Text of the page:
US Appeals WTO Panel Reports in US-COOL Disputes

GLOBAL - The US is to appeal against the decision of the World Trade Organization over the decision on country of origin labelling.
calendar icon 2 December 2014
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The WTO ruled against the US in October backing Canada, Mexico and other states in their case maintaining that the US COOL regulations created an unfair market.

The US has filed a Notice of Appeal in “US – Certain Country of Origin Labelling (COOL) Requirements (Article 21.5 – Canada and Mexico)”.

The WTO said that parties to a dispute can appeal a panel's ruling. Appeals have to be based on points of law, such as legal interpretation — they cannot re-open factual findings made by the panel.

Each appeal is heard by three members of a permanent seven-member Appellate Body comprising persons of recognised authority and unaffiliated with any government.

However, the Canadian Cattlemen’s Association has hit out at the US over the appeal.

The CCA said it is disappointed that the US appealed the World Trade Organization (WTO) Compliance Panel ruling of 20 October, which found that the U.S. has failed to bring its Country of Origin Labelling (COOL) program into compliance with its WTO obligations.

While the appeal was expected, it is the US’s final procedural option before Canada can exercise its right to retaliate, and the CCA remains focused on eliminating the unfair discrimination on US imports of cattle (and hogs).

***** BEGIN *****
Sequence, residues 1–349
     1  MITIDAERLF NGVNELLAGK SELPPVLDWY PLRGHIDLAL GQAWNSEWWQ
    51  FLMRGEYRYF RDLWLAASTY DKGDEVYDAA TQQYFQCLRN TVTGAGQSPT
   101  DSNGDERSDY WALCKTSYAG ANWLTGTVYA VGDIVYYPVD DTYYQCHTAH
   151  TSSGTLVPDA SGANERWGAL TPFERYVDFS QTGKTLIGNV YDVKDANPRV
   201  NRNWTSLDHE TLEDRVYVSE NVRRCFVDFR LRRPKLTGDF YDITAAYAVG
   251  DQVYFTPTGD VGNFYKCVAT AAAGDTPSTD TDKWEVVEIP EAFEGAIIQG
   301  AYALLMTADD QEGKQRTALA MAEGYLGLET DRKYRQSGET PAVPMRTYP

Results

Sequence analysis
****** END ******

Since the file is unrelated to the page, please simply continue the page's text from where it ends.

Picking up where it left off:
CCA President Dave Solverson said today’s move by the US just means a little longer wait for the US mandatory COOL battle to be over.

“When the WTO Compliance Panel released its decision on 20 October, it was the third time the WTO has found the U.S. has failed to meet its international trade obligations,” Mr Solverson said.

“Moreover, the compliance panel report made it crystal clear that it is the US COOL legislation that is causing discrimination against imports of live cattle and hogs in the U.S. marketplace. This is a stall tactic by the US for sure, but one that can only end with the US making an appropriate resolution to COOL that is acceptable to Canada and Mexico in order to avoid retaliation.”

At this stage, the CCA is interested in the right fix as opposed to a fast fix, Mr Solverson added.

Canada will be in a position to request WTO authority to retaliate once a decision on this appeal is received, confirming the 20 October compliance panel ruling. This process is expected to take several months with a decision perhaps as early as the spring of 2015.

The impact of COOL on the combined Canadian cattle and hog sectors was estimated in 2012 to be about $1.1 billion per year; however, the impact has increased since the US Department of Agriculture (USDA) amended the regulation in 2013.

The CCA will continue to work with the Government of Canada on the COOL file until it is fully resolved, including preparing to impose tariffs on US exports selected from the list of targeted commodities, including beef that was released in June 2013.

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